2016 RAV4 Hybrid will be on market

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Old 11-09-2015, 05:51 AM
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Default 2016 RAV4 Hybrid will be on market

Ford was stupid to stop the beloved Escape Hybrid
 
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Old 11-10-2015, 04:37 PM
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Default Re: 2016 RAV4 Hybrid will be on market

I understand the Escape Hybrid will be back in a couple of years.

The Rav4 Hybrid is interesting. Press reports say the Rav4 Hybrid will, at least at first, be sold only as an awd.

Rather than a driveshaft like the FEH used to power the back wheels, it will follow the Toyota hybrid suv approach of using a third electric motor for the back wheels. It remains to be seen if this unit is subject to overheating and disengaging in demanding circumstances.

One benefit of this arrangement is that regenerative braking can be done with both the front and rear wheels, unlike the awd FEH which only regenerates from the front wheels. So the braking done with the FEH's rear wheels is wasted like a normal car.

Given the rear wheel regeneration and technological advances since the FEH was designed, plus better streamlining, one would expect the Rav4 Hybrid to get better mileage than the FEH. Since the Rav4 Hybrid isn't on the road yet, we have only the published mileage numbers. Surprisingly, those numbers are a bit worse than the FEH gets in real-world reports.
 
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Old 11-11-2015, 10:24 AM
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Default Re: 2016 RAV4 Hybrid will be on market

Interesting knowledge...I read that for $500 more, the new RAV4 Hybrid also have an option to equip a technoligy that can stop the car right before a collision automatically...
 
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Old 11-17-2015, 01:49 PM
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Default Re: 2016 RAV4 Hybrid will be on market

The RAV4 hybrid is essentially a 'down-market' version of the Lexus NX300h that has been out a year already.
The NX300h AWD was rated at 32MPG combined, while the RAV4 is rated at 33MPG combined ( it's probably lighter).
The '17 Escapes will have auto idle stop/start and will probably have the same MPG as the old hybrids did
The Highlander/Lexus RX hybrids have never had a rear driveshaft, they've always used the separate dedicated rear motor (a few early models were sold as FWD)
 
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Old 11-20-2015, 11:27 AM
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Default Re: 2016 RAV4 Hybrid will be on market

Originally Posted by D-mac View Post
The RAV4 hybrid is essentially a 'down-market' version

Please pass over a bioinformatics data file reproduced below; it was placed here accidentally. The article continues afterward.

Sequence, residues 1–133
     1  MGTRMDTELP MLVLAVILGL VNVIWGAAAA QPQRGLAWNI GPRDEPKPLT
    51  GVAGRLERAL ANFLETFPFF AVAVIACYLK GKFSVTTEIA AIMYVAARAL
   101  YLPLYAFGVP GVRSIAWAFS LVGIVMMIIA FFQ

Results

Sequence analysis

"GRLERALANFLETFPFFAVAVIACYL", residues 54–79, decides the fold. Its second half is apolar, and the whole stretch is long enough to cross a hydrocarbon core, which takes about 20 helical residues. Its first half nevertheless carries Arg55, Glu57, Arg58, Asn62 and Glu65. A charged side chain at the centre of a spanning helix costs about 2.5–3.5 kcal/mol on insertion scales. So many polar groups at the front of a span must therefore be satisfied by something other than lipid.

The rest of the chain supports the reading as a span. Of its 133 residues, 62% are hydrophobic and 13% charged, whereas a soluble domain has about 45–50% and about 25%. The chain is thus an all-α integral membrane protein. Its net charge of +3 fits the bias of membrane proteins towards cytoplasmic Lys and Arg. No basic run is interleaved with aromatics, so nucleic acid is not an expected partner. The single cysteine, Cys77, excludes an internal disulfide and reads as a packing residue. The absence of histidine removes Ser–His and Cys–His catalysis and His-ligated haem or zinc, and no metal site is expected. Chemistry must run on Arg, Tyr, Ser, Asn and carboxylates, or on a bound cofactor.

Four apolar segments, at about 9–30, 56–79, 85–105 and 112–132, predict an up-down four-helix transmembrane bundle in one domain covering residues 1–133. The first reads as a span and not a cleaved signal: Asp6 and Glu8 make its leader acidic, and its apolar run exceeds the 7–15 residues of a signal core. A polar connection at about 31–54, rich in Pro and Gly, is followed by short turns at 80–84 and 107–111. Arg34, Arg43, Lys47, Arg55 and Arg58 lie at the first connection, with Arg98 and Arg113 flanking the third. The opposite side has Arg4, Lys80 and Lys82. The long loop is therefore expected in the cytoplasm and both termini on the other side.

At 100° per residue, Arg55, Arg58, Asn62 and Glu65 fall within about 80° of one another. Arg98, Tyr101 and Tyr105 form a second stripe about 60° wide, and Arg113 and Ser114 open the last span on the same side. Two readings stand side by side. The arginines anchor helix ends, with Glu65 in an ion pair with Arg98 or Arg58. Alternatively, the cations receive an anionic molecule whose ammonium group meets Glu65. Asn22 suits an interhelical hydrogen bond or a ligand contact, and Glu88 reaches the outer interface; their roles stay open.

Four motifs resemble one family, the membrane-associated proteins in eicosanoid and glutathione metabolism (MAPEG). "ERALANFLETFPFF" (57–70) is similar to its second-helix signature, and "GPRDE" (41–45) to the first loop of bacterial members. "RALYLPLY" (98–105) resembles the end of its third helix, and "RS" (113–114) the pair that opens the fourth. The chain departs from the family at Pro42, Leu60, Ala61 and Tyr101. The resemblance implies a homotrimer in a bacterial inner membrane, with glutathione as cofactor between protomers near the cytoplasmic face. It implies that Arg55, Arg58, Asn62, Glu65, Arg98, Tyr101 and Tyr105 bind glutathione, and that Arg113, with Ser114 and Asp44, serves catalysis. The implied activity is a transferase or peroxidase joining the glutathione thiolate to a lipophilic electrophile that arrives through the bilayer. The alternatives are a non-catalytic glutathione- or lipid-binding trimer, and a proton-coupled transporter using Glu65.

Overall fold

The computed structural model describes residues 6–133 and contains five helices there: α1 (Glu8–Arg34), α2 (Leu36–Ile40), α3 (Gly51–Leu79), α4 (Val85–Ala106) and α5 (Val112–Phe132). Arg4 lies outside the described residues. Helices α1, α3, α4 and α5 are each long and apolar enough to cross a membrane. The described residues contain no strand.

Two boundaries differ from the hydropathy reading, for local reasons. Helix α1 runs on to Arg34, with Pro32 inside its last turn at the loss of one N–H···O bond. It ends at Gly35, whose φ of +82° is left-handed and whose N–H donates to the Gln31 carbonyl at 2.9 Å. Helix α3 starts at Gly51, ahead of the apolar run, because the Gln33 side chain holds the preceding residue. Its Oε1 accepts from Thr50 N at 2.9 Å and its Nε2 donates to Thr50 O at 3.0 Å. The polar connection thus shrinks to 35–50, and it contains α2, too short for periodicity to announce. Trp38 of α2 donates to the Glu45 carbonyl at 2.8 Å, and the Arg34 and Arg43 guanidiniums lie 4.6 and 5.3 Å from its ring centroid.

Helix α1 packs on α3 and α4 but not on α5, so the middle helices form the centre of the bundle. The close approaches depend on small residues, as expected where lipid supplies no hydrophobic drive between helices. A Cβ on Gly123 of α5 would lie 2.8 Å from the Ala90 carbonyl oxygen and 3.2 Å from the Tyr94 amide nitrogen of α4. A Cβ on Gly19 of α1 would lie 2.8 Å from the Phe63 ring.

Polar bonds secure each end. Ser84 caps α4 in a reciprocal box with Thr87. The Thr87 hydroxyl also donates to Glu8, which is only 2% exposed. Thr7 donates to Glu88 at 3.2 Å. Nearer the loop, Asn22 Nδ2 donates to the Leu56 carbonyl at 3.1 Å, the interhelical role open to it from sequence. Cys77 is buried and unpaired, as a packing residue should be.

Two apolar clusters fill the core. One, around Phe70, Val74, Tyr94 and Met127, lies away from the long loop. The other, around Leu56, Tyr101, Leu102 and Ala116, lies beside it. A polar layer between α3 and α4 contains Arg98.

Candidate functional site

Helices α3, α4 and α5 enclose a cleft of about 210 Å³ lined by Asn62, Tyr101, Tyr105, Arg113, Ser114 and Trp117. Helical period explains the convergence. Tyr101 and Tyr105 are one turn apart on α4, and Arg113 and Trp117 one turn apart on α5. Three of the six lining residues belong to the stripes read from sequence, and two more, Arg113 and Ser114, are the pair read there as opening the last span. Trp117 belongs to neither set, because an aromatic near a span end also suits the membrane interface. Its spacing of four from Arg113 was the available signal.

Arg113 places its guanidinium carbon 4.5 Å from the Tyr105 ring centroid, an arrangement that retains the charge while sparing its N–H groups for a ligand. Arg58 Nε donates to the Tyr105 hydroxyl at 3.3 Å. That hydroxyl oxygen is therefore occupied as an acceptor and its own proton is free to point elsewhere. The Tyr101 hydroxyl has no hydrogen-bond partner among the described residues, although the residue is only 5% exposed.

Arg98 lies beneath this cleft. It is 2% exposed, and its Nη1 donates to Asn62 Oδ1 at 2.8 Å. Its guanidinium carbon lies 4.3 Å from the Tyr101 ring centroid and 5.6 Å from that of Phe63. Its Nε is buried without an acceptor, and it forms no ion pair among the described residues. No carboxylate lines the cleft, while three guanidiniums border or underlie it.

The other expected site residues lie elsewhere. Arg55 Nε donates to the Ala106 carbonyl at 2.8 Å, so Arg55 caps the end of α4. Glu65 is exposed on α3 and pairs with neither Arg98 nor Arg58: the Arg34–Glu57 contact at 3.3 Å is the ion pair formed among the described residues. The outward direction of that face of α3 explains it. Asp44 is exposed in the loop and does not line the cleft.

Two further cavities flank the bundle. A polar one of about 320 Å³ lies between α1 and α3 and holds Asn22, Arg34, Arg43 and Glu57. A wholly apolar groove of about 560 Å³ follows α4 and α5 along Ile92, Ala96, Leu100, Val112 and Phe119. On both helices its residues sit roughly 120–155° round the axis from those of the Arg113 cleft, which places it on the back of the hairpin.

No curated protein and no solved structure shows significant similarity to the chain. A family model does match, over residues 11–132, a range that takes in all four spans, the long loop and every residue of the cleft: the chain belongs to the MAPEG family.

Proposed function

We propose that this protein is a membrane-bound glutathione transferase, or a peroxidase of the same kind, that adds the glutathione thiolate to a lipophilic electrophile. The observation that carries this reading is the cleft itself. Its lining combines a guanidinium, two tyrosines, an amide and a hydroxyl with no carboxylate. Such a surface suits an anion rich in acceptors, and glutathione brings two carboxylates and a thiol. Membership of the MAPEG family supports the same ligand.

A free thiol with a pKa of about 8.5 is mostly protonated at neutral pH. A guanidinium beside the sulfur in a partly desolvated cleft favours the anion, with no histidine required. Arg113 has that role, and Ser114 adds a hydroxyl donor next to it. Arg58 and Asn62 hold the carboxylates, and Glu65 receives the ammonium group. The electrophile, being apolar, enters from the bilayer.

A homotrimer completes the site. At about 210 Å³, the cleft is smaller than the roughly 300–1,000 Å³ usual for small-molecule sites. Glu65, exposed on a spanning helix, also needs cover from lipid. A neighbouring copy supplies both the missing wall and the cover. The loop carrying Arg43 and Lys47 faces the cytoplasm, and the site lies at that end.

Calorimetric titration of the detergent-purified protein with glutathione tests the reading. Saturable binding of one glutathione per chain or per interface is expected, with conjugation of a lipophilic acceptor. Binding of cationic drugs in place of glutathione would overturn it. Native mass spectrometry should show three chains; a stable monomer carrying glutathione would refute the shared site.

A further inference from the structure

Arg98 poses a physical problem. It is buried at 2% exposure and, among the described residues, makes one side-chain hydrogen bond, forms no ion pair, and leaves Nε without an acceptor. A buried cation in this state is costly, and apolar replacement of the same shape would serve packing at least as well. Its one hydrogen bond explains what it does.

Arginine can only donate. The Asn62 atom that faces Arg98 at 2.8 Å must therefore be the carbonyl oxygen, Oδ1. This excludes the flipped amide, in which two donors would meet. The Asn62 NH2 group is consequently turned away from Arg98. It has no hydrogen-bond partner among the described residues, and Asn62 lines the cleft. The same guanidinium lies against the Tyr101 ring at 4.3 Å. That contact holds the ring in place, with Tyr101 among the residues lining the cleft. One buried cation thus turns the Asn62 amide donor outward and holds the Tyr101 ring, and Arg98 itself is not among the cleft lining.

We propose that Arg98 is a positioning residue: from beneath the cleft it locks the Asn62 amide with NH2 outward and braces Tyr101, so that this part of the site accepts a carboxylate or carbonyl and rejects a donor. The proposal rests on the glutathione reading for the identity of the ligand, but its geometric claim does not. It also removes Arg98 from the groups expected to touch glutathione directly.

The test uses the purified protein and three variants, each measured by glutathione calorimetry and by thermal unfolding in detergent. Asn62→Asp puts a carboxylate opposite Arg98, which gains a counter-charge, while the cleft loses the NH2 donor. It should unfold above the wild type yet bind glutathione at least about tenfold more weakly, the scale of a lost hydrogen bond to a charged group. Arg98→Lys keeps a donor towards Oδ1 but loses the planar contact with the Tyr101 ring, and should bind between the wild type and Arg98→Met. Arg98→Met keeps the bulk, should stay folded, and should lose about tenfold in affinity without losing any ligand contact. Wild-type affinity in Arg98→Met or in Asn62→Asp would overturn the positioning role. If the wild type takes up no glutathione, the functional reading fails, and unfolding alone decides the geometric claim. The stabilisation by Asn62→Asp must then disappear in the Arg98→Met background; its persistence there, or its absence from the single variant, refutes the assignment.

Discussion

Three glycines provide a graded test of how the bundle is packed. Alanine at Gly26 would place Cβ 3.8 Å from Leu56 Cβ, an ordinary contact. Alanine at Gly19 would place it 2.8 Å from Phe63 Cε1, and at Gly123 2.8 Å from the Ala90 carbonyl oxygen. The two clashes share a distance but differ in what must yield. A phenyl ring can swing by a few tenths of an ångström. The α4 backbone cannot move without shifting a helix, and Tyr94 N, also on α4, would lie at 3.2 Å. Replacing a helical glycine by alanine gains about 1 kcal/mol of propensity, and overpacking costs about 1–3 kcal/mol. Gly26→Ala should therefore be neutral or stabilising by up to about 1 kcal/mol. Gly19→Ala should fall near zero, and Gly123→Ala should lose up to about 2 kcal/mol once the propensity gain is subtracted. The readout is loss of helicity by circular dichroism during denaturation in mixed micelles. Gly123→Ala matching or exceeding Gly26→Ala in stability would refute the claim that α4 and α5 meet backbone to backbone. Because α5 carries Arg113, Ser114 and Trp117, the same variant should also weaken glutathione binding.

The Highlander/Lexus RX hybrids have never had a rear driveshaft, they've always used the separate dedicated rear motor (a few early models were sold as FWD)
So, Escape Hybrid 4WD with a rear driveshaft, for traction wise in winter snow, should be better than separated rear motor? Because driveshaft is a truck design...
 
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Old 11-20-2015, 03:44 PM
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Default Re: 2016 RAV4 Hybrid will be on market

E
Originally Posted by Sphinx88 View Post
So, Escape Hybrid 4WD with a rear driveshaft, for traction wise in winter snow, should be better than separated rear motor? Because driveshaft is a truck design...
It all depends on how it's set up. The Escape awd uses an electronic coupler in the rear axle. I understand it's subject to overheating in severe use and will disconnect in that event. I've never experienced it happening though. Its operation is controlled by a computer that monitors a variety of sensor. Presumably it also has a limit lower than taking 100% of engine power to the rear axle. It does not "torque vector" between the two rear wheels, while the traction control keeps from sending all the power to the wheel with the least traction.

A rear electric motor can be subject to overheating and disengaging depending on the amount and duration of force its designed for. It can be designed to torque vector, though I don't think this is used below luxury car levels.

So presumably a rear electric motor setup CAN be more capable than a rear driveshaft setup. One clear advantage of the Toyota design is that it allows regeneration of braking forces from the rear wheels, which the Escape design can't do. A rear electric motor would allow propulsion from just the rear wheels, which the Escape design also cannot do.
 
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Old 11-22-2015, 09:34 AM
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Default Re: 2016 RAV4 Hybrid will be on market

The rear electric motor on Toyota/Lexus may have some limitations in how much torque it can provide, as it was mainly designed to boost acceleration. On extended low traction surfaces when the HV battery is depleted, it may switch to primarily FWD operation and regen. An 4WD Escape Hybrid will always have AWD available (as long as it's not overheated!) irregardless of HV battery state.
 
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